"Let's score a goal in each of the next 15 minutes, get it to 3-2, and see how they react," were the prophetic words from Theodorakopoulos.

"What we've got to do is make sure we don't concede."

There was method in the madness. The Wolves, under Theodorakopoulos, were a purist's delight. Attack, always, was the best form of defence.

They'd scored 72 goals during the 34-game regular season. In the likes of Scott Chipperfield, classy Englishman Stuart Young, bullocking Fijian international Esala Masi, an emerging Saso Petrovski, and skiful winger Dino Menillo, they had the players to blitz any opposition. Which, when it counted the most, is exactly what they did.

Bang went Chipperfield. Bang went Horsley. And bang went Reid, with just a minute of normal time remaining. That's when the crowd went quiet.

The Wolves can't hide the emotion at the final whistle.

That's when Theodorakopoulos went mad, running right through the technical area of his Glory counterpart Stange, who didn't look amused. The Wolves had come back from the dead.

Thirty minutes of extra time came and went, and neither side could fashion a winner. The championship would have to be decided by the dreaded penalty shoot-out.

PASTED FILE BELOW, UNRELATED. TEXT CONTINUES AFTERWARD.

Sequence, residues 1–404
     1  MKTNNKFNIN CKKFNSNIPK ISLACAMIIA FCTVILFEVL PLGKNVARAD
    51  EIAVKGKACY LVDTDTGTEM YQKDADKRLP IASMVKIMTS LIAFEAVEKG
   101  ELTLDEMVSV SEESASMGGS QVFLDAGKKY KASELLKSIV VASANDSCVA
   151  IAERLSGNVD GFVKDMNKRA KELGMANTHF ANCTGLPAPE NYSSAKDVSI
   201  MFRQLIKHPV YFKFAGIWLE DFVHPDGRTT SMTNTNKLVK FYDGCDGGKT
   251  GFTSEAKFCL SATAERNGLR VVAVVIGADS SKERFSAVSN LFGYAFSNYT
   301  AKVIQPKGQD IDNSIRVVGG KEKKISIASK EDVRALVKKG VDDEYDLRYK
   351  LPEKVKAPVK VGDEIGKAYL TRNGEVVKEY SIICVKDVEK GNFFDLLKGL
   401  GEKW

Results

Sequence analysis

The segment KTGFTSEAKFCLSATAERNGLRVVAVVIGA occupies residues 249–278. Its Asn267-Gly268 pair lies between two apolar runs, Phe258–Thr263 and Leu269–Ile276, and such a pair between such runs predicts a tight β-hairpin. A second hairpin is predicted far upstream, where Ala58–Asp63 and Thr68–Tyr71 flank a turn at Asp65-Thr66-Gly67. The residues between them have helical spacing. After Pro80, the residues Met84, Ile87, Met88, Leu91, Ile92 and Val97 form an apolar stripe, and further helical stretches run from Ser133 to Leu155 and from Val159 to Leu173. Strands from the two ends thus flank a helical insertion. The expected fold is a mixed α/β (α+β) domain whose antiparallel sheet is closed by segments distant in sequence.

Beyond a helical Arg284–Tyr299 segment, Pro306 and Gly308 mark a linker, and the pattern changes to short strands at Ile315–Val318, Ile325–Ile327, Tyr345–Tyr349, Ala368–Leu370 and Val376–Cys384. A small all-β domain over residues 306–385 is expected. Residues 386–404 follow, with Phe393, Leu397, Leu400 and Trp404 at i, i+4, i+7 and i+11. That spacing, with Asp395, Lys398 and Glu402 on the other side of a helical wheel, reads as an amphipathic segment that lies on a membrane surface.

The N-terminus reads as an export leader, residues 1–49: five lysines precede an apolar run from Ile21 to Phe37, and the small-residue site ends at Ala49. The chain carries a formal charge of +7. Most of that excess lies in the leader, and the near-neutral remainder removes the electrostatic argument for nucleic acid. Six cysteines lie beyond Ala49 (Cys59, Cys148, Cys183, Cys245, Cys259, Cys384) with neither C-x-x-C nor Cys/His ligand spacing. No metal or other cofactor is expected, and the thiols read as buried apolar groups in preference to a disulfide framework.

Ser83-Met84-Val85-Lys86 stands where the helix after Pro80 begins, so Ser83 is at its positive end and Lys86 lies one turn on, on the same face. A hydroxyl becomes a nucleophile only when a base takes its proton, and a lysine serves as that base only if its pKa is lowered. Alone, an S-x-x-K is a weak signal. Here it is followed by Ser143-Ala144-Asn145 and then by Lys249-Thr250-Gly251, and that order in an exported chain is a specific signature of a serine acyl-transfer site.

The first six penalty-takers from each side found the target. Horsley cracked first, putting the seventh penalty wide. Edgar Junior could have won it, but Pogliacomi produced a wonder save.

The Wolves keeper would prove to be the hero of the hour, saving the next two penalties. In a supreme irony James Afkos, the son of the Glory's co-owner, was to be the player who squandered the decisive spot kick.

At the end, Andy Harper tried to grab a few words from Theodorakopoulos in his role as sideline commentator.

"I think I gave Harps one question and then I cut him short," he says. "I had to get to my players. It was a once-in-a-lifetime moment."

Nick Theodorakopoulos celebrates in memorable style.

There would be ticker-tape receptions on Crown Street, and a hero's welcome at the Fraternity Club. Wollongong Wolves would go on to defend their championship the following season, scoring 80 goals during the premiership rounds.

But just as the club was due to fly out to Spain to represent Oceania at the 2001 FIFA World Cup, the rug was pulled from beneath the tournament, taking the prizemoney with it.

The team broke apart, and the club has struggled ever since - although the first green shoots of a recovery have started to appear over the last few seasons in the top tier of NSW football, where they are now known as South Coast Wolves.

TEAMS: PERTH GLORY (4-4-2): Jason Petkovic; Robert Trajkovski, Jamie Harnwell, Ljubo Milicevic, Scott Miller; Kasey Wehrman, Ivan Ergic, Troy Halpin, Edgar Junior; Bobby Despotovski, Alistair Edwards. WOLLONGONG WOLVES (4-4-2): Les Pogliacomi; Matt Horsley, David Cervinski, Robbie Stanton, Alvin Ceccoli; Dino Menillo, Noel Spencer, Paul Reid, Scott Chipperfield; Esala Masi, Stuart Young.